Since honing stones look similar to grinding wheels, it is tempting to think of honing as a form of low-stock removal grinding. Instead, it is better to think of it as a self-truing grinding process.
In grinding, the wheel follows a simple path. For example, in plunge grinding a shaft, the wheel moves in towards the axis of the part, grinds it, and then moves back out. Since each slice of the wheel repeatedly contacts the same slice of the workpiece, any inaccuracies in the geometric shape of the grinding wheel will be transferred onto the part.
Therefore, the accuracy of the finished workpiece geometry is limited to the accuracy of the truing dresser. The accuracy becomes even worse as the grinding wheel wears, so truing must occur periodically to reshape it.
The limitation on geometric accuracy is overcome in honing because the honing stone follows a complex path. In-bore honing, for example, the stone moves along two paths simultaneously. The stones are pressed radially outward to enlarge the hole while they simultaneously oscillate axially.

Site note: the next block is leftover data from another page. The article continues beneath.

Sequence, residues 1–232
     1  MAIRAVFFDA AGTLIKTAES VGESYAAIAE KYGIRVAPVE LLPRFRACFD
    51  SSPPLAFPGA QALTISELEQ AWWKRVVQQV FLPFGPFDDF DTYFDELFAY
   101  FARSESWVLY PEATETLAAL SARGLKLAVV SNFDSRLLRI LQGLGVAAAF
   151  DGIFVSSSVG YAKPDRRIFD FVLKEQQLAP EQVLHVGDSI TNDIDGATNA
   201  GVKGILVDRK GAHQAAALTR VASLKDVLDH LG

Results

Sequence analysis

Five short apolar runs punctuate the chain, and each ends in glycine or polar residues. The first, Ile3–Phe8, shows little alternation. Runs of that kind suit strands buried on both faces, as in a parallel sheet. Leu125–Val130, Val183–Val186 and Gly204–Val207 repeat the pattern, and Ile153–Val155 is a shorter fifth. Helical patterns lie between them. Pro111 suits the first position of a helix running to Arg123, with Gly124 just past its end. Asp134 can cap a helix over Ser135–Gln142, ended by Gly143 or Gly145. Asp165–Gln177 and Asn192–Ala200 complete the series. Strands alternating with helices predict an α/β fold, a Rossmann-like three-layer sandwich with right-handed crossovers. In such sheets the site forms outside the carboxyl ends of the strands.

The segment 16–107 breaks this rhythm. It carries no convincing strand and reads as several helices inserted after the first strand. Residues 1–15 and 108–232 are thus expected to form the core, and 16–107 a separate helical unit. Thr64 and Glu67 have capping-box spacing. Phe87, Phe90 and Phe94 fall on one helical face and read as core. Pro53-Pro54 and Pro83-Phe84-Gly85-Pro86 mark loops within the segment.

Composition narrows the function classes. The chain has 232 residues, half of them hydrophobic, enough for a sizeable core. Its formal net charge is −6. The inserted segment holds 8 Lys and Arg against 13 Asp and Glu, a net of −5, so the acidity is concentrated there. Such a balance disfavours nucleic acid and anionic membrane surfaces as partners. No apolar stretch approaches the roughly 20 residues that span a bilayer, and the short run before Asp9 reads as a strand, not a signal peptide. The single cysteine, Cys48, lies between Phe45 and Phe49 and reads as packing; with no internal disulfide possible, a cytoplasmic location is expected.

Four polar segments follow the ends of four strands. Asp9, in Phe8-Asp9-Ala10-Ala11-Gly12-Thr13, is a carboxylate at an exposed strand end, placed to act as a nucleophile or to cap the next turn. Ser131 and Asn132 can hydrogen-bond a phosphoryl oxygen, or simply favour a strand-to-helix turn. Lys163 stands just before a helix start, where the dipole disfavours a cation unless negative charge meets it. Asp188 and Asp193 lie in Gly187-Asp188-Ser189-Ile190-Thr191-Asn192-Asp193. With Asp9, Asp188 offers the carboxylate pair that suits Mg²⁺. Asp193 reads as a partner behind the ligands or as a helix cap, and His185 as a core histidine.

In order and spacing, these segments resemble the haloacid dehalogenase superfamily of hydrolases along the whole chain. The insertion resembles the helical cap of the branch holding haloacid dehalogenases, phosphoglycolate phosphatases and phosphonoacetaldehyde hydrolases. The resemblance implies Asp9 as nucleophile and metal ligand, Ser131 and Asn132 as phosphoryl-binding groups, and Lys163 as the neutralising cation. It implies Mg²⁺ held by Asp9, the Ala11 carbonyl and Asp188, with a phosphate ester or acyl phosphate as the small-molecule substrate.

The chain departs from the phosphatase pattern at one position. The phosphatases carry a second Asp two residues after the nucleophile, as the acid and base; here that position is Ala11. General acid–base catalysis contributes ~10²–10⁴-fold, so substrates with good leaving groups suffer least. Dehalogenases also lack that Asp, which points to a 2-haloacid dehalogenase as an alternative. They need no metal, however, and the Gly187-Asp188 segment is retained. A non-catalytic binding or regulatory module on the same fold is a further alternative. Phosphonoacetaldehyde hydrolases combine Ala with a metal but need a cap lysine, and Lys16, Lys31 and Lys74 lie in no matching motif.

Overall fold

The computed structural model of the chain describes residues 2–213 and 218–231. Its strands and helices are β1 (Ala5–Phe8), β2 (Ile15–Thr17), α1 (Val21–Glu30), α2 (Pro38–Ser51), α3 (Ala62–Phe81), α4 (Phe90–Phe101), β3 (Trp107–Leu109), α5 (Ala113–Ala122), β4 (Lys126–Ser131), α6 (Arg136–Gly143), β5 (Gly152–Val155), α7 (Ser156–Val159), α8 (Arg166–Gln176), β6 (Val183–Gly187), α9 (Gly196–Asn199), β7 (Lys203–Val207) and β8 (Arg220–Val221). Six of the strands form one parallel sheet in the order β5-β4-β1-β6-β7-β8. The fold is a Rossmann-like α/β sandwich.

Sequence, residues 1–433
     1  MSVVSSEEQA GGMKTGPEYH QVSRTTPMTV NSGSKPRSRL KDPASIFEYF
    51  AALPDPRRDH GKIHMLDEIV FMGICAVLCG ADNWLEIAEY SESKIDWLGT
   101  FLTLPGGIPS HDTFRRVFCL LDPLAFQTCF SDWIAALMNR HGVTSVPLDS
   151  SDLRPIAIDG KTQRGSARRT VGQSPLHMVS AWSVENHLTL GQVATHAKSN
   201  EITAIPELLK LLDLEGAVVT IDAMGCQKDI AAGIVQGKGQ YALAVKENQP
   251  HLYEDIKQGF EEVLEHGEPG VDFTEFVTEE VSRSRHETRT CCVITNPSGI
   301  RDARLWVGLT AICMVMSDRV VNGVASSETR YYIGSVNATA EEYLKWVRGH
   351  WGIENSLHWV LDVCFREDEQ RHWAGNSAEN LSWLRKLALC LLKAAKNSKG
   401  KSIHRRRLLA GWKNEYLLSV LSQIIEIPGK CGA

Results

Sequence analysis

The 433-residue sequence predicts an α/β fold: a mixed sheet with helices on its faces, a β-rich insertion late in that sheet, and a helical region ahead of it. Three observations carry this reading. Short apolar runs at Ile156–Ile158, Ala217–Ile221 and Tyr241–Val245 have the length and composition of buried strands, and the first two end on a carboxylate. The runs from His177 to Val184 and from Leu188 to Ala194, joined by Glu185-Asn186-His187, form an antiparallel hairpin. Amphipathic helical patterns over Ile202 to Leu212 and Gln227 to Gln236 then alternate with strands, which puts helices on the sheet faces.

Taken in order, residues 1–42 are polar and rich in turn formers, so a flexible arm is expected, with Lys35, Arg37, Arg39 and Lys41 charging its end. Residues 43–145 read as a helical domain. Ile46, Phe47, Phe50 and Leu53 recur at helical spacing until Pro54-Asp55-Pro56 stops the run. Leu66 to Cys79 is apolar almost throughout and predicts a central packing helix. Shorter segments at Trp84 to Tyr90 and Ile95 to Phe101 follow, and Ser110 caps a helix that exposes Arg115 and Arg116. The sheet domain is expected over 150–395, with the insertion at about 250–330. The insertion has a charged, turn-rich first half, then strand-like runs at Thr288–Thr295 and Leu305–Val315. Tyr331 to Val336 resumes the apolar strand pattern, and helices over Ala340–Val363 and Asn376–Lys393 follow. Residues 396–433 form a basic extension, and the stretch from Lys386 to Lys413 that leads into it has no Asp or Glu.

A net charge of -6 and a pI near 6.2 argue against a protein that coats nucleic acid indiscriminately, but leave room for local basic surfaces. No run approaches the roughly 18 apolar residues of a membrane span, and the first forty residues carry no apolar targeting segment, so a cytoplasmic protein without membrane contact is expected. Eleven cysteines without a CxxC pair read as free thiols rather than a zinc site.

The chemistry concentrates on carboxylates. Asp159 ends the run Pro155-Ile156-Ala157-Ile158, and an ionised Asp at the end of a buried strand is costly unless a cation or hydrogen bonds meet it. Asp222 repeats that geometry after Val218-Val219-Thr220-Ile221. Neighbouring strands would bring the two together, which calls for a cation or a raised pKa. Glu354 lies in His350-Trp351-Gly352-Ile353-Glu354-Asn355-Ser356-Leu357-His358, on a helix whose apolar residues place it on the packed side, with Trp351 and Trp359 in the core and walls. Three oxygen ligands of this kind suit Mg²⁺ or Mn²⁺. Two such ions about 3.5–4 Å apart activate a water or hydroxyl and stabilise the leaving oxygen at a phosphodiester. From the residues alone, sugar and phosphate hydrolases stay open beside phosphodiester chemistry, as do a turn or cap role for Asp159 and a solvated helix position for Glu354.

Due to the oscillation, each slice of the honing stones touches a large area of the workpiece. Therefore, imperfections in the honing stone’s profile cannot transfer to the bore. Instead, both the bore and the honing stones conform to the average shape of the honing stones’ motion, which in the case of bore honing is a cylinder.
This averaging effect occurs in all honing processes; both the workpiece and stones erode until they conform to the average shape of the stones’ cutting surface. Since the honing stones tend to erode towards a desired geometric shape, there is no need to true them.
As a result of the averaging effect, the accuracy of a honed component often exceeds the accuracy of the machine tool that created it.
The path of the stone is not the only difference between grinding and honing machines, they also differ in the stiffness of their construction. Honing machines are much more compliant than grinders. The purpose of grinding is to achieve a tight size tolerance.